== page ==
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I have time series data for two and half year. I am performing xgb.cv (from Jan 2014 to March 2016) and its giving very good result, but when I am using new data (April 2016 to June 2016) to predict, the accuracy is getting worse. I am using R xgboost package. Any suggestion on improving accuracy?

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  • $\begingroup$ Are you saying that the model works well on the data that was used to train it, but not as well on new data ? If so, that is to be expected. Further, one technique is to divide the training data into a training set and a validation set. Train on the training set and use the validation set to fine tune the model. Finally get accuracy on the test set. $\endgroup$ – aginensky Nov 19 '16 at 15:15
  • $\begingroup$ @aginensky: Will xgb.cv be good technique to tune the model or should we go from grid search or something else $\endgroup$ – user3713850 Nov 19 '16 at 15:17
  • $\begingroup$ I'm very far from an expert on the use of boosting with times series. However, in general, I'm a fan of using caret and it's parameters for tuning models. I'm not sure I understand your questions. For every possible value of the tuning parameter, typically one uses cv or something to estimate predictive accuracy. How does on pick the specific values that one will check with cv ? Grid search would be one obvious method. $\endgroup$ – aginensky Nov 20 '16 at 15:47
  • $\begingroup$ how many rows do you have? Can you point to a decent proxy/toy in publicly available data? In my limited experience, xgb loves lots of rows (tens of thousands) and a very low learning rate $(0.001 \gg x)$ for good generalization. $\endgroup$ – EngrStudent Mar 6 '17 at 17:36
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It is likely that your features have time biases. Assume you want to predict month and year from your data. You would see very good performance during CV as you have enough data points at each month. However you can not predict the future(April 2016 to June 2016) very well using your predictor. Another example is that assume you have a feature that its density changes during the time. Then the difference between cv error and your prediction in the future would be big. To solve it, you can use following suggestions:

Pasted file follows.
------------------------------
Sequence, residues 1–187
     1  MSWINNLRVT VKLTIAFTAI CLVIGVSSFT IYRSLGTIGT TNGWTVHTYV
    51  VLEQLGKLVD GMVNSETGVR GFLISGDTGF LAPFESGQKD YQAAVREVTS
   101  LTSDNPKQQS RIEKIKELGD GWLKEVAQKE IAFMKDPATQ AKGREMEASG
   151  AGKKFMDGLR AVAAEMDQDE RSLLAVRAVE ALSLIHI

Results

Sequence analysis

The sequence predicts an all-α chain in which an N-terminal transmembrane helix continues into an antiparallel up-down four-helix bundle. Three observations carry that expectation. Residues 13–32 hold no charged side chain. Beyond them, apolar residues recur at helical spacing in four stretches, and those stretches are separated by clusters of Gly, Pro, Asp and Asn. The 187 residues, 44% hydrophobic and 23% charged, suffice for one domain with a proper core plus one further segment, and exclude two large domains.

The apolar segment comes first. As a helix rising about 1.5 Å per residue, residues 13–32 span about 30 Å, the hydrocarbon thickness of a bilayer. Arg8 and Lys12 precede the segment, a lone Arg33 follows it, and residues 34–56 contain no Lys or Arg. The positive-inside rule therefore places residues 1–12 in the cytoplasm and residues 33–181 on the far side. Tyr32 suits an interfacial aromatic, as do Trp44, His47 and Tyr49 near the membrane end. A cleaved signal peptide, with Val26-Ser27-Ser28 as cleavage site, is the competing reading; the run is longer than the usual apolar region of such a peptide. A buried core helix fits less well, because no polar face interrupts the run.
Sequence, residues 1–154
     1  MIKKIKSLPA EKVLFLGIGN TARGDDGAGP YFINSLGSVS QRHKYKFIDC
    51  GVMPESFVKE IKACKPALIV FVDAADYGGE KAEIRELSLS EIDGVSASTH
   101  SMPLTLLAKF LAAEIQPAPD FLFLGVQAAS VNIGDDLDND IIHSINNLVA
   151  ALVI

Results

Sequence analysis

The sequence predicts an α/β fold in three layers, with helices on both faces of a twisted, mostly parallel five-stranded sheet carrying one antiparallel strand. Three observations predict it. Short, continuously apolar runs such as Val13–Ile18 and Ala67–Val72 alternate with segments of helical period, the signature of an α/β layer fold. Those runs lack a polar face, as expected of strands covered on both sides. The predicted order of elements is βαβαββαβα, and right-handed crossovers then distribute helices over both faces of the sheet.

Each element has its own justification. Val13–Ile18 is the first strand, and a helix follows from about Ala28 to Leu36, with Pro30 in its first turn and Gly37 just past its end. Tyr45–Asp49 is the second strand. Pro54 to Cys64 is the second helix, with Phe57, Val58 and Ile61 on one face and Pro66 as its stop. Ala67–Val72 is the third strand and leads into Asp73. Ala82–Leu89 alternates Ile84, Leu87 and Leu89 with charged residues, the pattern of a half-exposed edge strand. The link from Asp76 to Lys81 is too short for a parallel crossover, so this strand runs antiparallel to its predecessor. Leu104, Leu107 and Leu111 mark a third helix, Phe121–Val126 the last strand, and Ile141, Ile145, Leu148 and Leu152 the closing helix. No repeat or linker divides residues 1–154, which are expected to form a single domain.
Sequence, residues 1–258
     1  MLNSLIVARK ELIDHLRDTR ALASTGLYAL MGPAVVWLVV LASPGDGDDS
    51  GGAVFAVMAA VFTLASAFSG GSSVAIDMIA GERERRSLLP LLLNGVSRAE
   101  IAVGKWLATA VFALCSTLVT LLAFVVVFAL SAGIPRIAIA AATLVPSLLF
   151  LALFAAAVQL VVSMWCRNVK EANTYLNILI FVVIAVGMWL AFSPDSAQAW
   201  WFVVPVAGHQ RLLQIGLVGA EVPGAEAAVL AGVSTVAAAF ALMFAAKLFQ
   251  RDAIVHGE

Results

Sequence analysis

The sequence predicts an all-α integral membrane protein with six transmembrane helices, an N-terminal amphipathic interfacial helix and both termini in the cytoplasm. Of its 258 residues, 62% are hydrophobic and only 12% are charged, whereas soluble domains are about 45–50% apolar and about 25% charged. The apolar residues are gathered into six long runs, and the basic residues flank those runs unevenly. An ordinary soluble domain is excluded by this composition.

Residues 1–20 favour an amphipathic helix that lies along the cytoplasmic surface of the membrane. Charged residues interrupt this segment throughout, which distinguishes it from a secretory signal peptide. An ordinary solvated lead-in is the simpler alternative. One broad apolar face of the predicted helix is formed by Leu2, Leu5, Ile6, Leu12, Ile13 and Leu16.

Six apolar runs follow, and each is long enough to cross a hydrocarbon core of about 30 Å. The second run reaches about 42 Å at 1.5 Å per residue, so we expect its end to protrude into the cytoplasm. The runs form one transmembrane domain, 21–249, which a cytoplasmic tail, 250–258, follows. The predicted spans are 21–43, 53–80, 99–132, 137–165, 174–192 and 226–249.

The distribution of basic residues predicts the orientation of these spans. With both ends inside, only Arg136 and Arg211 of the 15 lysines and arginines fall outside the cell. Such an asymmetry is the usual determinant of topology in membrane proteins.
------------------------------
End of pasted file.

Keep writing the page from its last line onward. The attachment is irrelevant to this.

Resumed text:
• Drop time biased features: time related indices, features that has a big shift during time, etc
  • Create features that are partially independent of time: from date, get "day of week", "weekend" and so on
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First, if there is a trend in time series, then tree-based model maybe not the good choice (because of tree model can't extrapolate, can't predict value bigger or smaller than the value in the training set), or you can remove the trend first, then using the xgboost to predict the residuals of linear models.

Second, as Mortezaaa suggests, if this time series correlation with day of week, holiday, weekends, or season and so on. Then you can construct many features to improve you prediction result! Beside it, the moving average of time series can be the features too. There is a lot of good example on kaggle, such as rossmann-store-sales prediction and bike-sharing-demand prediction, there are time series too, and the winners do a lot of feature engineering! You will learn a lot.

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